Jeffrey Dubner

Jeffrey Dubner is an associate editor at The American Prospect.

Recent Articles

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By all accounts, Jim Bill Lynn bled Wal-Mart blue. His friend Darrell Altom, who worked with Lynn at Wal-Mart's Searcy, Arkansas, distribution center in the days before Lynn traveled the nation and the world on Wal-Mart's behalf, recalls that at the Monday-morning warehouse meetings back in the mid-'90s, "A lot of managers didn't want to get up and do the [company] cheer, but [Lynn] would do it every week." This article, along with articles in The Nation , In These Times , and at AlterNet , is published in conjunction with the release of Robert Greenwald's film Wal-Mart: The High Cost of Low Price . For information about screenings and the DVD, please visit www.walmartmovie.com . "It's corny, but it's part of the culture -- and he was so pro-Wal-Mart." Lynn and Wal-Mart seemed made for each other. Driven, affable, and politically conservative, with clear managerial aptitude and a boundless appetite for work, Lynn was exactly the kind of young fella for whom Sam Walton's executives...

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By all accounts, Jim Bill Lynn bled Wal-Mart blue. His friend Darrell Altom, who worked with Lynn at Wal-Mart's Searcy, Arkansas, distribution center in the days before Lynn traveled the nation and the world on Wal-Mart's behalf, recalls that at the Monday-morning warehouse meetings back in the mid-'90s, "A lot of managers didn't want to get up and do the [company] cheer, but [Lynn] would do it every week." It's corny, but it's part of the culture -- and he was so pro-Wal-Mart." Lynn and Wal-Mart seemed made for each other. Driven, affable, and politically conservative, with clear managerial aptitude and a boundless appetite for work, Lynn "It's corny, but it's part of the culture -- and he was so pro-Wal-Mart." Lynn and Wal-Mart seemed made for each other. Driven, affable, and politically conservative, with clear managerial aptitude and a boundless appetite for work, Lynn was exactly the kind of young fella for whom Sam Walton's executives were always on the lookout. Wal-Mart was the...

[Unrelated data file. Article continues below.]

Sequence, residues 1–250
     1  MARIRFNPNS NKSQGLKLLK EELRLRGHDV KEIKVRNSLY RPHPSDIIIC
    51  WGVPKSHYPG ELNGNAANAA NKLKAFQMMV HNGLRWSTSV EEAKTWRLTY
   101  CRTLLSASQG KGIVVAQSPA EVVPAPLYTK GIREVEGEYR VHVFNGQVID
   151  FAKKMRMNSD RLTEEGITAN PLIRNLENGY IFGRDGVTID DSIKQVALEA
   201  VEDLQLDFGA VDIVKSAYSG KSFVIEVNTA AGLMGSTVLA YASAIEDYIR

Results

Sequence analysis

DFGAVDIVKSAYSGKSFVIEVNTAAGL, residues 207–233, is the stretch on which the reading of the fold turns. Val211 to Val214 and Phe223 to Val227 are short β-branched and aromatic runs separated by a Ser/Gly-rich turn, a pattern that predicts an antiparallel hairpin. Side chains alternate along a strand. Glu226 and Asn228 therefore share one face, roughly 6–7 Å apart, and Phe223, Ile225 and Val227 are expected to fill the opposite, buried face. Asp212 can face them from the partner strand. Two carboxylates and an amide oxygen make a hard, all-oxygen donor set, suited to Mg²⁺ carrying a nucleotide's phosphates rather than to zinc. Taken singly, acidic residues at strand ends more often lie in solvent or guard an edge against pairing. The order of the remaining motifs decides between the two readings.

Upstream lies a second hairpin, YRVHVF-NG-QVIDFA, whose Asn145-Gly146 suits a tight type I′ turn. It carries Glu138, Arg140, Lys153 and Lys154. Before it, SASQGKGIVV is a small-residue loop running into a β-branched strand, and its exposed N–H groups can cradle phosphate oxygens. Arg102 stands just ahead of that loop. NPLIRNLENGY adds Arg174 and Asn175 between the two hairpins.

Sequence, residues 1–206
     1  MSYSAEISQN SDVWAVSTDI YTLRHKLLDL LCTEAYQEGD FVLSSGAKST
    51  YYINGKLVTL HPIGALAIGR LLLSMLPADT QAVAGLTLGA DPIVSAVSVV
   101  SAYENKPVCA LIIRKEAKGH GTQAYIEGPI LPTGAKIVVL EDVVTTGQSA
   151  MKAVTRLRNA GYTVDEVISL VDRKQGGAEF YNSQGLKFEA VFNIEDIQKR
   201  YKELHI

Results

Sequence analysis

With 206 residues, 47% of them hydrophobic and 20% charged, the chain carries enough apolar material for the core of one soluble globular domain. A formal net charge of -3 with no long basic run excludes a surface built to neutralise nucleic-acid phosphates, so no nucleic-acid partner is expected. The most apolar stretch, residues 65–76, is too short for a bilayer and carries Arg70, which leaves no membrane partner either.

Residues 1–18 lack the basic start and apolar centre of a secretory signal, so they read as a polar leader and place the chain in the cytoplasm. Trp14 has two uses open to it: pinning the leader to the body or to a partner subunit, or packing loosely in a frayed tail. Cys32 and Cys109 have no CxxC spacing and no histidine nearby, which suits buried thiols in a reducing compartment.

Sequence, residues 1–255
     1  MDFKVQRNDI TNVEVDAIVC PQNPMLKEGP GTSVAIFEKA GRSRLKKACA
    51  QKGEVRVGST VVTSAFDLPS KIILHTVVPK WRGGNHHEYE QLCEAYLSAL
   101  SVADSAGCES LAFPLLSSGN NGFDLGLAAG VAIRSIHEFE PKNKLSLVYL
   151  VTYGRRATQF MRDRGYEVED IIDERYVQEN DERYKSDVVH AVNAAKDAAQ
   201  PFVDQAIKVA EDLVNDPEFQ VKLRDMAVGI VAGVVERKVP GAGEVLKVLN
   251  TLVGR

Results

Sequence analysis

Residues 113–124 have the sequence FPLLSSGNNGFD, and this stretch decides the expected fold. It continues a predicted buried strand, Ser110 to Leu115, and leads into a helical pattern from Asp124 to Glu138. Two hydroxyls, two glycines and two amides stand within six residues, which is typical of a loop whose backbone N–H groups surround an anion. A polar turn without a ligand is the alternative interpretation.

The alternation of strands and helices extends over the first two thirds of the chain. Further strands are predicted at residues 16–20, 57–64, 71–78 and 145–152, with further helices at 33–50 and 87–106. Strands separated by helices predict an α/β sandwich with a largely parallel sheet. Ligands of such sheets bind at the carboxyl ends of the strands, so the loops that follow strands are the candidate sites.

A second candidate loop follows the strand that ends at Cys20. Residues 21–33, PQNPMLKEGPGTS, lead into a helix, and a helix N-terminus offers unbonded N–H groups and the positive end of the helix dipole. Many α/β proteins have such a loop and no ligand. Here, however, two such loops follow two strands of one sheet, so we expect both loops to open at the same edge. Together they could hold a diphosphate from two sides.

Judge-ment Day

The verb “bork” is one of the more tendentious entries in Webster's New Millennium Dictionary . Webster's records “bork” as meaning “to seek to obstruct a political appointment or selection; also, to attack a political opponent viciously.” While the first half of the definition is accurate, the second element is but one version of recent history, the conservative one. Through this lens, Bork suffered “naked character assassination,” as Andrew McCarthy recently wrote for the National Review Online . For liberals, on the other hand, “borking” means something quite different. “Robert Bork defeated Robert Bork,” argues People for the American Way President Ralph Neas, who chaired the Block Bork coalition. “Borking,” by his lights, is the process of giving the public “an opportunity to understand, to know what the judicial philosophy is of this individual who will be confirmed for life.” To Neas, the strategy in 2005 is much as it was in 1987, if President Bush nominates an ideologically...

2020 Foresight

Just as a coalition of religious-right activists was finishing its two-day call for the impeachment of dozens of judges last Friday, a court-minded conference of a decidedly different tone was beginning in New Haven, Connecticut. Where one gathering seemed to signal an ending -- the culmination of an increasingly provocative conservative attack on the independent judiciary -- the other was intended to be a beginning, the first stage of a conversation about how liberals interact with the courts and push policy forward. The occasion was a weekend-long Yale Law School conference on “The Constitution in 2020,” sponsored by the American Constitution Society (ACS), the Center for American Progress (CAP), and the Open Society Institute (OSI). The questions at hand: how the country's founding document could and should be interpreted, and how to institute that vision. It is not an abstract argument -- nor a settled one. Should litigation take a backseat to legislation, as many panelists...

College Try

“People don't believe me,” grouses David Horowitz, “but I actually have a great affection for the idea of the liberal university.” His critics can be forgiven for thinking otherwise. Horowitz is at the high point of what has been a multi-decade campaign to rein in radical academics. Backed by studies purporting to show “a 95 percent left-wing faculty” at colleges around the country (studies often funded by the same foundations supporting The Center for the Study of Popular Culture, or CSPC, which pays Horowitz more than $300,000 a year for his work as its president), he has made a mission of stamping out what he sees as pervasive liberal bias. In the process, he has raised a maelstrom that many academics say is doing untold damage to America's universities. His current tool is the “academic bill of rights,” or ABOR, which he has succeeded in adding to at least 12 states' legislative agendas. Georgia passed a version of the bill in March 2004; a push in Colorado let up in the same...

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